Yes. If you meet the qualifications.
You must be either a member of the clergy or a member of a recognized religious sect (ex. Amish & Mennonite).
There are some differences in the rules for these groups but either way you have to agree to language that you are opposed to “any public insurance that makes payments in the event of death, disability, old age, or retirement; or that makes payments toward the cost of, or provides services for, medical care.”
You cannot opt out solely for economic reasons.
For ministers, you have to submit Form 4361 by the due date (including extensions) of your income tax return for the second tax year in which you had at least $400 of ministerial earnings.
Fortunately, if you’ve already paid in enough FICA/SECA taxes through other work to qualify for benefits, you’ll still be able to receive them.
Members of certain recognized religious sects (ex. Amish, Mennonite) will use Form 4029. One of the key differences for a member of a religious sect is that you must waive all rights to future benefits. This means that even if you have already paid in enough taxes to qualify for benefits, you WILL NOT receive those benefits.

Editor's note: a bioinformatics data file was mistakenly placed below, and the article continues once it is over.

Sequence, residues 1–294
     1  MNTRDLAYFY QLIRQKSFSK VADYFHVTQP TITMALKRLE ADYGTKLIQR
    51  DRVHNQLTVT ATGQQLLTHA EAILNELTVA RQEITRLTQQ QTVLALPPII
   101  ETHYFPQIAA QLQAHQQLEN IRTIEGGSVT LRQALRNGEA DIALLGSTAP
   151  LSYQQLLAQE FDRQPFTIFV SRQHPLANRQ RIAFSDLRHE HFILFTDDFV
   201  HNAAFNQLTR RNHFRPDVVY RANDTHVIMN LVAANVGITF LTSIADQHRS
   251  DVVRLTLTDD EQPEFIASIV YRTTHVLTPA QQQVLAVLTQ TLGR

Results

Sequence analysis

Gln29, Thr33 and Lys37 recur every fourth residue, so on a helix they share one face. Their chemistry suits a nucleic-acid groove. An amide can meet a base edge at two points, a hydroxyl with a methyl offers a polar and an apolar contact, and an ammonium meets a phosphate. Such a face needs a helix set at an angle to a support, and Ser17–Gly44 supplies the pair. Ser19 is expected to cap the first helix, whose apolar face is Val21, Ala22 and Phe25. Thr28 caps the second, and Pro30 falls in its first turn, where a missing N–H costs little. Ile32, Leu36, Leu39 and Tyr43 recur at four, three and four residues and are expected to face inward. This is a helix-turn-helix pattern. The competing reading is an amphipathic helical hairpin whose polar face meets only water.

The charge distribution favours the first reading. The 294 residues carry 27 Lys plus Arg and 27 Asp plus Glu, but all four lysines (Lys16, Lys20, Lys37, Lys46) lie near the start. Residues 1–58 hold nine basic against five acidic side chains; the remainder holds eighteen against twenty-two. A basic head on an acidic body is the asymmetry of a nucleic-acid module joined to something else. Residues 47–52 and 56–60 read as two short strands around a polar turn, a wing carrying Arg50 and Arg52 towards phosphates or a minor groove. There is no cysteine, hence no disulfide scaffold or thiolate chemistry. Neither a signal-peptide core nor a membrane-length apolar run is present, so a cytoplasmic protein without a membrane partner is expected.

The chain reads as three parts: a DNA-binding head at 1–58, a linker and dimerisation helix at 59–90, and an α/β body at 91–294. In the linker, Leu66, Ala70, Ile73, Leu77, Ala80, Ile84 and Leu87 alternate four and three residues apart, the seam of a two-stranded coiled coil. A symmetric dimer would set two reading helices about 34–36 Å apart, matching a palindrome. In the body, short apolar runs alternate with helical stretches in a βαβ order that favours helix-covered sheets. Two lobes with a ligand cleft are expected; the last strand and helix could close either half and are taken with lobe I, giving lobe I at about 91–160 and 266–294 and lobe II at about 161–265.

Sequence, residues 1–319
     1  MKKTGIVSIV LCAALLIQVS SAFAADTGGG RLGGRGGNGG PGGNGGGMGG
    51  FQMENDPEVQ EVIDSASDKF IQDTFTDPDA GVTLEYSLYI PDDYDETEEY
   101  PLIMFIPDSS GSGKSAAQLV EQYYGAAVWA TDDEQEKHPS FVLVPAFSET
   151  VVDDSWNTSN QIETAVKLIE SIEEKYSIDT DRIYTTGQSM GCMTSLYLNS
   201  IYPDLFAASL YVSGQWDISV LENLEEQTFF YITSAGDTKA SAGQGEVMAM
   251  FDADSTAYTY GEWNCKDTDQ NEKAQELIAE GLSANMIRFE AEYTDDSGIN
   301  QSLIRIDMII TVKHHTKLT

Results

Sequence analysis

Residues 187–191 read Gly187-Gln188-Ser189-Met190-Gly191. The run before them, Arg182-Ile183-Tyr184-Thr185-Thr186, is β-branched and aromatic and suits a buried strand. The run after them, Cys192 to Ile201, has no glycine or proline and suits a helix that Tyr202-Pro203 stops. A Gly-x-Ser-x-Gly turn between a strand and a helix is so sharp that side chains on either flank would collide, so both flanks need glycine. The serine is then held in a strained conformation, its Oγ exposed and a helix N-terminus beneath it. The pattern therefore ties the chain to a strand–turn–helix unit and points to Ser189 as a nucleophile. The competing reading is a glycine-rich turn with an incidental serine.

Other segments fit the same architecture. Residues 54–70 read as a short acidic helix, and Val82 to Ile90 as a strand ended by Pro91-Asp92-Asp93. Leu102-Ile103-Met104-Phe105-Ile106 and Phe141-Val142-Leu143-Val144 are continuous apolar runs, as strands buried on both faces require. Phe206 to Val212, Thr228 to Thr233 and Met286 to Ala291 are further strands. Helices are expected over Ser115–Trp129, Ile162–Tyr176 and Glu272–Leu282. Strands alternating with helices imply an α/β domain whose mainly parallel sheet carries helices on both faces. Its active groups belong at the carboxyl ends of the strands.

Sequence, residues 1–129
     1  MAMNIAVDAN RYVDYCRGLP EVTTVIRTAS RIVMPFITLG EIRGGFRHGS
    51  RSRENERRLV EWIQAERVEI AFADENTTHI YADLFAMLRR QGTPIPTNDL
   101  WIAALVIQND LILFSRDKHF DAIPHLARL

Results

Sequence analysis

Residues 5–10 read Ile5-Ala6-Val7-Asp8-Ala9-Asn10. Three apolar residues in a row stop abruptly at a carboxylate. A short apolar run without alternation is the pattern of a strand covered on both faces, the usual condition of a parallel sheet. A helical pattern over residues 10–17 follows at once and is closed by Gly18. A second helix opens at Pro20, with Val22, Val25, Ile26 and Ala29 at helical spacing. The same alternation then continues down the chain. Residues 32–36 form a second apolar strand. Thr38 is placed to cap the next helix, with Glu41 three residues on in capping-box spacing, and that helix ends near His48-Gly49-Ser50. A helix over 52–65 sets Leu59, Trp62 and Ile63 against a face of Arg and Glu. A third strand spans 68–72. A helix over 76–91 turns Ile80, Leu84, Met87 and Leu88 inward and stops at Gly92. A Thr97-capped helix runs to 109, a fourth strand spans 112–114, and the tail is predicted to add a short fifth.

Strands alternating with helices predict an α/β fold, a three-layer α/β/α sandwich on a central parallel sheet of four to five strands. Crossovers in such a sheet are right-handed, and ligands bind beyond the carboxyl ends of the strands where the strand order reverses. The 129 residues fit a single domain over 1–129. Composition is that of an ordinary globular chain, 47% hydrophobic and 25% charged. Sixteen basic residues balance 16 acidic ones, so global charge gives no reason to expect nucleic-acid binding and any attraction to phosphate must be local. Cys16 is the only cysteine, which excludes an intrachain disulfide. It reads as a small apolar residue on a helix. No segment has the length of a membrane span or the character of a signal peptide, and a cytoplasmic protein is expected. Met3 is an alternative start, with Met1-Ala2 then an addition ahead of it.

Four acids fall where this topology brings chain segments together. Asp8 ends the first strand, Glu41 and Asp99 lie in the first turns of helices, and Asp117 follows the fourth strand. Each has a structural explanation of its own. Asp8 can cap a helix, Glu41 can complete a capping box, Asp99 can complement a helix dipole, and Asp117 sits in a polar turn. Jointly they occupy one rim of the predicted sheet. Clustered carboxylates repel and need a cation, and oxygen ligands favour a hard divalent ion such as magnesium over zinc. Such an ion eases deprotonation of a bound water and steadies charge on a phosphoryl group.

The IRS Form for religious sect members requires you to acknowledge [in bold print], “I waive all rights to any social security payment or benefit under Titles II and XVIII of the Social Security Act. I understand and agree that no benefits or other payments of any kind under Titles II and XVIII of the Social Security Act will be paid based on my wages and self-employment income to any other person. I certify that I have never received benefits or payments under the above titles, nor has anyone else received these benefits based on my earnings.”
Needless to say, opting out is a BIG step that you need to take with a lot of care and planning. Remember, this is not just a future retirement benefit you’re opting out of, but a benefit if you become disabled, benefits for your family if you die, and benefits that will pay for your healthcare (Medicare).
Check out my article and IRS Publication 517 for more information.
Here are a few other links that may help:
Are members of religious groups exempt from paying Social Security taxes?